California Low Cost Auto insurance Program Surged Amid Recession, Outreach

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SACRAMENTO, CA — Enrollment in the California Low Cost Automobile Insurance Program surged 18.9% in 2009 due to the poor economy and an aggressive outreach program, the state Department of Insurance said.

The CLCA program approved 7,495 applications in 2009, up from 6,306 the previous year. April was the most active month, with 727 applications filed. Insurance Commissioner Steve Poizner conducted an outreach effort to attract uninsured motorists, the department said. The decade-old program expanded to every California county in 2007.

"I’m pleased to see that people are turning to California’s Low Cost Auto Insurance Program instead of putting themselves and others at financial risk. I encourage anybody who meets the eligibility criteria and who is thinking about dropping their insurance to take a look at the program that can keep them legally insured for as little as 15% down and very low installments payments," Poizner said in a statement.

Given the tough economy and a high statewide uninsured motorist rate, the state should continue to step up its efforts to grow the program, said Samuel Sorich, president of the Association of California Insurance Companies.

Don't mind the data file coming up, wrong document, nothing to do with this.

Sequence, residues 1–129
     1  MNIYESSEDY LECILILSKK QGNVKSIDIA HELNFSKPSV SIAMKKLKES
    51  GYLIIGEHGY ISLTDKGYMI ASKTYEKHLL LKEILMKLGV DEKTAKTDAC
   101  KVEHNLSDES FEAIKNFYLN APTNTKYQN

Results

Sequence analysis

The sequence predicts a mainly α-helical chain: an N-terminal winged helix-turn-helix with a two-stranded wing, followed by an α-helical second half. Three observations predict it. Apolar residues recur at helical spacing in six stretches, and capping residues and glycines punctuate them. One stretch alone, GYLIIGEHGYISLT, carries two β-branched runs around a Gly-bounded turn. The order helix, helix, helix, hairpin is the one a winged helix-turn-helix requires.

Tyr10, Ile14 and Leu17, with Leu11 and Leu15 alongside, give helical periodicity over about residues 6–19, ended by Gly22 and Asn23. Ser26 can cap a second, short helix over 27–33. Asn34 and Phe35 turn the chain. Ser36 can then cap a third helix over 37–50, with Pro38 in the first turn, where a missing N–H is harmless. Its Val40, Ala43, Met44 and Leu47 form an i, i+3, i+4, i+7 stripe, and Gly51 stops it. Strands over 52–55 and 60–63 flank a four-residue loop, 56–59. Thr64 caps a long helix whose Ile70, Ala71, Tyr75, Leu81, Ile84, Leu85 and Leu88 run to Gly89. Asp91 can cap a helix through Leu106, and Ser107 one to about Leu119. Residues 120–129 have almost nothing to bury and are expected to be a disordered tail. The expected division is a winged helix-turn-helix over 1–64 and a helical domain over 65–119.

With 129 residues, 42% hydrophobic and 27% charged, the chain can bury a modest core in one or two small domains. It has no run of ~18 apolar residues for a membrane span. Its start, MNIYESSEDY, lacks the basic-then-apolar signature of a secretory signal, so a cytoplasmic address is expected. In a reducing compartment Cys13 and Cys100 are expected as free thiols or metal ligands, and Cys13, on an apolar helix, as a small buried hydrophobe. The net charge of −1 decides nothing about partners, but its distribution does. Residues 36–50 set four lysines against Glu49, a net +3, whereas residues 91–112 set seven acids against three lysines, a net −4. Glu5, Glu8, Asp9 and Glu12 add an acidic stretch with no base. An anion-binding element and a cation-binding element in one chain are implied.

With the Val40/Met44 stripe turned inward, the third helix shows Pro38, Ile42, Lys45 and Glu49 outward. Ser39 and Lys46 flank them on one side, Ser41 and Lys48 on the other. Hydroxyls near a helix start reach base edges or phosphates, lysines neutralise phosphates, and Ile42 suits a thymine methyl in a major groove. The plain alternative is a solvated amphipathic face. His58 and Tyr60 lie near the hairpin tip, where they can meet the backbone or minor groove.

The CLCA program benefits insurers by lowering the number of uninsured motorists and providing a gateway to the insurance marketplace for lower-income Californians, Sorich said. The relatively small number of policies "is certainly not cannibalizing or undermining the voluntary market," he said.

Approximately 25% of the state’s drivers are not in compliance with a law requiring automobile insurance, state officials have said (BestWire, Oct. 13, 2009). Under the Low Cost Automobile Insurance Program, affordable liability insurance is offered to good drivers who earn an income that is up to 250% of the federal poverty level. For a family of four, the maximum income is $55,125.

For most drivers, the statutory minimum for levels of liability insurance are $15,000 for individual claims, $30,000 per incident and $10,000 in property damage. For CLCA drivers, the levels are $10,000; $20,000 and $3,000, Sorich said.

Last fall, Gov. Arnold Schwarzenegger vetoed bipartisan legislation that would have extended California’s Low Cost Auto Insurance Program for low-income families. Schwarzenegger said extending the program — currently to expire on Jan. 1, 2011 — through 2015 was premature. The governor questioned the effectiveness of the program, "given the number of policies in effect and low participation rate amongst the uninsured" (BestWire, Oct. 13, 2009).

According to Consumer Watchdog, nearly 49,000 had been purchased by California drivers through September 2009. Between 80% to 96% of those drivers were uninsured prior to enrolling (BestWire, Oct. 13, 2009).

Contact the author, Sean P. Carr, Washington Correspondent, at: [email protected]

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